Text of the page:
Several days ago I was in the jury of Film Winter in Stuttgart, an Expanded Media festival, and it made me think a lot about moving images.
In the times of Cine Fantom Club, which was based at the Museum of Cinema in Moscow, we often discussed the fate of short films and the situation in which they always found themselves, or, more exactly, into which they always seemed to be forced. Theatre director and founder of slow video movement, Boris Yukhananov used to say that the programs put together by festival curators were "ghettos", meaning the curators' lack of respect for authors and films alike, which showed in the way films were forced into each other's context, and all of them - into the concept developed by the curator, just because he or she needed to compile a full-length program that would last at least 90 minutes. The reasoning behind this was that no one would ever go to the theatre solely to see a one-minute, or even a twenty-minute film.
The situation had continued for a long while, especially in film museums and on film festivals. But now, at last, short films are starting to claim some space of their own. Lately, several new ways of screening short films and videos have come into existence:
I know how film- and videomakers managed to carve such a comfortable niche for themselves, and what they have to pay for these aristocratic comforts.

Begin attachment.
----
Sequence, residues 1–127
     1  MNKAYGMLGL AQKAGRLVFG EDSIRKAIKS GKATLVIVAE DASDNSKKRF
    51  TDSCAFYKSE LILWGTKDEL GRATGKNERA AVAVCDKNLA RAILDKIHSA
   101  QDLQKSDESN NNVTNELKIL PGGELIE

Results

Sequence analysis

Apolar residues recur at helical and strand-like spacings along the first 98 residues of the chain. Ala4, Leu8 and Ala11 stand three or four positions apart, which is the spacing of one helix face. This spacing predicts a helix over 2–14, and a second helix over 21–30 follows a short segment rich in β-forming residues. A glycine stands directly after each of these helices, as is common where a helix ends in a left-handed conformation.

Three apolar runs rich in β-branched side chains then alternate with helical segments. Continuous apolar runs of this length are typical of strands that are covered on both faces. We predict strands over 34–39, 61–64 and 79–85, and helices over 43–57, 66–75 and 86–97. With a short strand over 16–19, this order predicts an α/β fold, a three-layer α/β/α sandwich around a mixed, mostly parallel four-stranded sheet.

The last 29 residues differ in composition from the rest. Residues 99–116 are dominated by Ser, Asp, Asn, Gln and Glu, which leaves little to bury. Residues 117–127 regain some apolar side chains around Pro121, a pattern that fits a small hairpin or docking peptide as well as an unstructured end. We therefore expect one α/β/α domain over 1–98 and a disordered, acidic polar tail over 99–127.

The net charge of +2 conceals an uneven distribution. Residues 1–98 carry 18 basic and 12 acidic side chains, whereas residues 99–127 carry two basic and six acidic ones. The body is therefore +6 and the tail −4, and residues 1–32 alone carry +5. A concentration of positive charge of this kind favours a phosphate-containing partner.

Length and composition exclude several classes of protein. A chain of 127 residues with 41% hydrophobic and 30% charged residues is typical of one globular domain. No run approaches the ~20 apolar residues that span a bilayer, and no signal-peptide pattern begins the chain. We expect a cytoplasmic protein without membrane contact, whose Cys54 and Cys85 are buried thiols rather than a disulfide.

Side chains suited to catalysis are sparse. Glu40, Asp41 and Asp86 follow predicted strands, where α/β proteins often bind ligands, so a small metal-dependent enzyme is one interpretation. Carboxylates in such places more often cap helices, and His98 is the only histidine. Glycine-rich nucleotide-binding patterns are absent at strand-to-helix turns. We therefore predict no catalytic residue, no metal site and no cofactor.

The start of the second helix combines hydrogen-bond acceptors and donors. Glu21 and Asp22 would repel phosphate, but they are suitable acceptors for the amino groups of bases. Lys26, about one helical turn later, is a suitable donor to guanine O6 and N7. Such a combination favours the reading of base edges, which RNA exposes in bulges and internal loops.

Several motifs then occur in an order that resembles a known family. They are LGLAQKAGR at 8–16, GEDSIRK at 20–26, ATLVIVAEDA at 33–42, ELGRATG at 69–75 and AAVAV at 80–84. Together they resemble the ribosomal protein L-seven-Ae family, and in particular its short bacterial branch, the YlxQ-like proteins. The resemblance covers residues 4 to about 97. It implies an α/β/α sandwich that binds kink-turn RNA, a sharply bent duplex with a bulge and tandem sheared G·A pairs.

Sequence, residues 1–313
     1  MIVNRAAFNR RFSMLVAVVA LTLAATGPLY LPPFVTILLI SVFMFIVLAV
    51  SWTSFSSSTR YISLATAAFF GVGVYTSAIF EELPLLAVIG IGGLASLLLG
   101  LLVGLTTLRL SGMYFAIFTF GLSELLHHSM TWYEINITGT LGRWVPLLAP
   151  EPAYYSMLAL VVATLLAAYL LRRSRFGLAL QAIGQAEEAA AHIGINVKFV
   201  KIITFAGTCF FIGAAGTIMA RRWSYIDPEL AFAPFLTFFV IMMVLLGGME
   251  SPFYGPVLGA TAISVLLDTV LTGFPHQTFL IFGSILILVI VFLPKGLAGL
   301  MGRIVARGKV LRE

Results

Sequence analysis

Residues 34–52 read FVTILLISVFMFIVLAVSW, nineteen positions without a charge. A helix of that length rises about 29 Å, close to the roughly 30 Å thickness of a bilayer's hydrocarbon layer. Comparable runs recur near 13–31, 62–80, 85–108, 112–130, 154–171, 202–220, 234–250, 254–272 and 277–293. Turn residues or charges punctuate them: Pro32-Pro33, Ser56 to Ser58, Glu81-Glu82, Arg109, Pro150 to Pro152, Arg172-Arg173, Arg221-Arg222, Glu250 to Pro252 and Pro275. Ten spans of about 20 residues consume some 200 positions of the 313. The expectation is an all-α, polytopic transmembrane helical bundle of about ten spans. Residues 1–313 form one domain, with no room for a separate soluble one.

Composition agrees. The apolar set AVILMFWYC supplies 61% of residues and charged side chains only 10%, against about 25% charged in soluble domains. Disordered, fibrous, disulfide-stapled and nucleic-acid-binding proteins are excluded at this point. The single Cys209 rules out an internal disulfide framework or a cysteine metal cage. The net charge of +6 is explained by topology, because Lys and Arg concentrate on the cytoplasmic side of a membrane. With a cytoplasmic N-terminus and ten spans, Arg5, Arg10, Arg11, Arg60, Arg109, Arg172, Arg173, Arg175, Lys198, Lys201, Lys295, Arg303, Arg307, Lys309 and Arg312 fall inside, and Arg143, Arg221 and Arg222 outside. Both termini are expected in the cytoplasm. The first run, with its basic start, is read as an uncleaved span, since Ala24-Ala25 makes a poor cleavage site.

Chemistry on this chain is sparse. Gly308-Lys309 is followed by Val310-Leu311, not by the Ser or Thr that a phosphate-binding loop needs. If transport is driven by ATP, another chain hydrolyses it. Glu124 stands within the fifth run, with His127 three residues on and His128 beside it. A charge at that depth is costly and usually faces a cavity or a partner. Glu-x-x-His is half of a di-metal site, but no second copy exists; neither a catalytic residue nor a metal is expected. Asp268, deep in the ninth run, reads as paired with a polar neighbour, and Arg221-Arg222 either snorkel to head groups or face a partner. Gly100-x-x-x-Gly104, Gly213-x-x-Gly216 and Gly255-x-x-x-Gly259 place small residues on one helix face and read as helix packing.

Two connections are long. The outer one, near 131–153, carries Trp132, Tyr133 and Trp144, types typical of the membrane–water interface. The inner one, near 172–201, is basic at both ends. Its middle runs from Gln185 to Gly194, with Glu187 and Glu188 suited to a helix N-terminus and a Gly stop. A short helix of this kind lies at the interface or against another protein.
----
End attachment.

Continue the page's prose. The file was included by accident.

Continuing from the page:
It's not because video art is making its comeback, like they say in festival booklets. It isn't. Of course, it's tempting to draw parallels between video installations of 70s and 80s, and the out-of-movie-theater-screenings that we see so often today. In fact, something entirely different has happened. And it's not that much about video art as an object or an installation. Rather, it's about an installation as a form of film screening.
The story started around 20 years ago, when European experimental film festivals expanded their focus and turned their attention first to video and then to new media, which they understood as art produced using computers. Gradually, they converted into media festivals. From a technical standpoint it meant that from now on, festival events took place not just in theaters, but in exhibition spaces, too - such spaces were used to construct computer installations, largely interactive ones. Sometimes it resulted in great exhibitions, and sometimes in horrible ones, but in both cases, viewers and curators felt a little cheated: sure, they saw something, felt a taste of something new, pushed buttons here and there and, perhaps, even saw a glimpse of themselves on the screen (video tracking is the shame and at the same time the biggest success of interactive art), but did they have a chance to experience anything great, anything that touched them deeply?
Besides, festival staff hated placing this additional burden on their technicians and watchmen: computers had to be switched on and off, reloaded if necessary - a pain in the neck, because buttons, keyboards and wires were disguised as well as possible to keep them out of sight, which made getting to them very problematic.